Viral Blood Levels Don't Indicate Course of HIV Infection

Bill Weintraub

Bill Weintraub

Viral Blood Levels Don't Indicate Course of HIV Infection


Important new research:

Viral Blood Levels Don't Indicate Course of HIV Infection

By Serena Gordon

HealthDay Reporter

Tue Sep 26, 2006

TUESDAY, Sept. 26 (HealthDay News) -- A new study questions one of the basic tenets of HIV management -- that the amount of virus in the blood can accurately predict how quickly someone will progress to full-blown AIDS.

Reporting in the Sept. 27 issue of the Journal of the American Medical Association, researchers explain that HIV levels in the blood aren't a good indicator of how fast important immune system cells called CD4 T-cells will decline. A drop in CD4 cells indicates that HIV is progressing to AIDS. HIV levels have also been used as a major factor in deciding when treatment should begin, and this study suggests that viral load levels shouldn't be used as a deciding factor in initiating treatment.

"The dogma has been that if you know how much virus is in the blood, you can know how quickly CD4 levels will go down. If someone had a high viral load, you would assume that person will progress more rapidly to AIDS," said the study's lead author, Dr. Benigno Rodriguez, an infectious disease specialist at Case Medical Center and an assistant professor of medicine at Case Western Reserve University in Cleveland.

And, he said, in large-scale population studies, that assumption is generally correct. But, Rodriguez said, the researchers wanted to know if the same held true on a patient-by-patient basis.

"When we asked that specific question, based on viral load, how much patient-to-patient variability in progression can we explain? The answer was very little -- 6 percent at most," he said.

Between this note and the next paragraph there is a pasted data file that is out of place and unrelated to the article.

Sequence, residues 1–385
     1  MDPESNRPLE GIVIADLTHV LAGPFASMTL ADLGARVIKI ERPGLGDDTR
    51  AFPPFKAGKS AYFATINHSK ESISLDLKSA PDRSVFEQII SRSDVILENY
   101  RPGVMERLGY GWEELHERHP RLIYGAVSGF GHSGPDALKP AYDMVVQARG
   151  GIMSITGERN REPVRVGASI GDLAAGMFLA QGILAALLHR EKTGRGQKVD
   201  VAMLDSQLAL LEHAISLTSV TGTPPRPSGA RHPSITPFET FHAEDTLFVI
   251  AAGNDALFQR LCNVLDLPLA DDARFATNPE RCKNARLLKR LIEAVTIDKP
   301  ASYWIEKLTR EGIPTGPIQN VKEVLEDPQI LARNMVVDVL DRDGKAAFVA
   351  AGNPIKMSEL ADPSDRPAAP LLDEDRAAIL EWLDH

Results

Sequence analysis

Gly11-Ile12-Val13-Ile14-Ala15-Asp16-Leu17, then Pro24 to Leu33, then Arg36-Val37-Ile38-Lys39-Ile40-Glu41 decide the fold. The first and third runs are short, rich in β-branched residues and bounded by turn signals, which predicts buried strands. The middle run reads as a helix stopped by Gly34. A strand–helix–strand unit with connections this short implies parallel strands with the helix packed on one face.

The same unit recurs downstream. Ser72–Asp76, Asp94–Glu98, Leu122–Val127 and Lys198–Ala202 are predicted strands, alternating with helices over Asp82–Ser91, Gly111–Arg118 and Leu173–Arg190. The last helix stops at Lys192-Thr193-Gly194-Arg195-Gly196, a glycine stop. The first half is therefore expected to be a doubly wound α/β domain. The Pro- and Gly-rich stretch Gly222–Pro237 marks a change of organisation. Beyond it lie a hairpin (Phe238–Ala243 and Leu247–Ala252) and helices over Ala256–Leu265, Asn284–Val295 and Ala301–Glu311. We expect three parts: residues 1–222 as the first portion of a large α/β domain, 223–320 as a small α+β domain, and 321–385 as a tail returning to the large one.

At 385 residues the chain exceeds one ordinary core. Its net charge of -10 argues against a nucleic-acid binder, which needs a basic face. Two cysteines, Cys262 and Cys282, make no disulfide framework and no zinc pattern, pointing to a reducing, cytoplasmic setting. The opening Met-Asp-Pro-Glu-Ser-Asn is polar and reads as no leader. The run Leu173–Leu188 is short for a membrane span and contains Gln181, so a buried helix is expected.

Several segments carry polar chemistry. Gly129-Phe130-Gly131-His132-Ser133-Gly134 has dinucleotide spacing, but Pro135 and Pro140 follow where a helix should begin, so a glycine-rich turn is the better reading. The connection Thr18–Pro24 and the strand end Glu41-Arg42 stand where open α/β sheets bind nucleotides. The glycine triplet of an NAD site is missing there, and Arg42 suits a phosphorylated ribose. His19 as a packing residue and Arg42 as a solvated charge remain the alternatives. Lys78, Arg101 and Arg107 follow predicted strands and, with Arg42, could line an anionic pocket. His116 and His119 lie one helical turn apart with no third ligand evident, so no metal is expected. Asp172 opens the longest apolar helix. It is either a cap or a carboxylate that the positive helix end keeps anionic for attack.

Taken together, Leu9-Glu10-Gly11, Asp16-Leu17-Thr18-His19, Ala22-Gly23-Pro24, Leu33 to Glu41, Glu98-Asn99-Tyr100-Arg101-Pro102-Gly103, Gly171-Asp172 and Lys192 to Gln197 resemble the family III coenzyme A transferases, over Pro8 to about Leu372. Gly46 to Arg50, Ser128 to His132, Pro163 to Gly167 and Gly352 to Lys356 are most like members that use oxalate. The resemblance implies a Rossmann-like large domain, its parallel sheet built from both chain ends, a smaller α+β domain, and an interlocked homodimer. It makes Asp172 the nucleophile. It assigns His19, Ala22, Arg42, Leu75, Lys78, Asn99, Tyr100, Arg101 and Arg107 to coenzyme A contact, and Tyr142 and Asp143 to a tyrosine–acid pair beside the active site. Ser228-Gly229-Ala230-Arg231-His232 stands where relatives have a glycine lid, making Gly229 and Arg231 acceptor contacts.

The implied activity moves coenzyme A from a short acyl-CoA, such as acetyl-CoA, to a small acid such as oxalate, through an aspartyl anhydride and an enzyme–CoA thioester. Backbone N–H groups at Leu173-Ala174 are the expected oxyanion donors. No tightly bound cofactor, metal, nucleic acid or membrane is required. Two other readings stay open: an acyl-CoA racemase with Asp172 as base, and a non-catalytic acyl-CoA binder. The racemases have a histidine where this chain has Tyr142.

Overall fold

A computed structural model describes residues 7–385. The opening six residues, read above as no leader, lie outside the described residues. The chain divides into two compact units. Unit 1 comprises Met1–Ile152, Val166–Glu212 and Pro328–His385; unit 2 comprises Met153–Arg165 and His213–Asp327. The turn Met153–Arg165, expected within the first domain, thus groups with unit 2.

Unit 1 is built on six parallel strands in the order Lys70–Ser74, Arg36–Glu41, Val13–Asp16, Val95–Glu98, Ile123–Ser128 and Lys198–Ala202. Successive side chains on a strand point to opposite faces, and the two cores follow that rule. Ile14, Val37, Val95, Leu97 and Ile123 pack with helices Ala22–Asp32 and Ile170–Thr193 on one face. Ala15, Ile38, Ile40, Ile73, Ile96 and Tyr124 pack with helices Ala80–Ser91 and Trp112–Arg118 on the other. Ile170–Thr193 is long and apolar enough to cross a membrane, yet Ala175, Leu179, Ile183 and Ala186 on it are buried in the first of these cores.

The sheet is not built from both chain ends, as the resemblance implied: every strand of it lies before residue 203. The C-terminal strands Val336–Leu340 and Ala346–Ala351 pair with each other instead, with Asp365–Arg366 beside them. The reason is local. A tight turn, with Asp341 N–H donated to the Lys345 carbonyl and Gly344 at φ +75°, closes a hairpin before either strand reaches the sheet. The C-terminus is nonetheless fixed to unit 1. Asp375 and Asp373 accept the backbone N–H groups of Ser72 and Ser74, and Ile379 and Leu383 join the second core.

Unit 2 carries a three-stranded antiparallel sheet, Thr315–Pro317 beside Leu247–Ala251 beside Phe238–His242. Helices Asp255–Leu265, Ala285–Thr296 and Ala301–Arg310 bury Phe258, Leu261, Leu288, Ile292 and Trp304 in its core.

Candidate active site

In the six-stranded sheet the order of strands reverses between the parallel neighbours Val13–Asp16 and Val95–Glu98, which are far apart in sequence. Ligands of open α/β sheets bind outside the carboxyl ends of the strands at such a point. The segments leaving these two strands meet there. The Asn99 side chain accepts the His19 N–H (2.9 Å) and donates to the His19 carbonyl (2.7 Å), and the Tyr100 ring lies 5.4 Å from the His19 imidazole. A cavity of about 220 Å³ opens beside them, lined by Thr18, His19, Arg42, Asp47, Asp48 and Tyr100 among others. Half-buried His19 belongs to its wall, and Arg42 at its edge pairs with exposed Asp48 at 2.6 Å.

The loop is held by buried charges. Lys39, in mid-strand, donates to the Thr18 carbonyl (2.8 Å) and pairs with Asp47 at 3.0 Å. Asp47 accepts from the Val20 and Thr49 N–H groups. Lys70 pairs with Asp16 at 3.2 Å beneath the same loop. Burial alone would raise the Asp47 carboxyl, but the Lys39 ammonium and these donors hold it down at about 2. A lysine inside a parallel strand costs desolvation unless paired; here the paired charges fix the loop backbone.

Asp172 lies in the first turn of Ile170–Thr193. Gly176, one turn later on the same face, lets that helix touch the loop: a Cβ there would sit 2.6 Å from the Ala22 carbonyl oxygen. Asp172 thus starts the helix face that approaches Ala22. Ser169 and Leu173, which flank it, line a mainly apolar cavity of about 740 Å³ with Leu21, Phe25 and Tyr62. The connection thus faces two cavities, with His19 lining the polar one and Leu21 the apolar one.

To explain how doctors used to think of the interplay between HIV levels and the decline of CD4 T-cells, Dr. W. Keith Henry suggested thinking about a train speeding toward a collapsed bridge. He said the distance to the bridge was the number of CD4 T-cells, and that the speed of the train was the level of HIV in the blood.

"In this analogy, the HIV level is the major factor for cell loss in an individual patient," he explained. But, he said, the results of the new study suggest that the HIV levels only account for about 4 percent to 6 percent of the variability of CD4 cell loss in any individual.

"That means there's a lot more going on than meets the eye," said Henry, who added that these findings should spur new areas of research and may lead to better therapies as well as better diagnostics to help with the decision of when to start antiretroviral therapy.

Henry was one of the authors of an accompanying editorial in the same issue of the journal and director of HIV clinical research at the Hennepin County Medical Center and the University of Minnesota.

For the new study, Rodriguez and his colleagues examined two large groups of people infected with HIV -- about 1,500 people in each group -- over a 20-year period. The study participants had not initiated therapy with antiretroviral medications.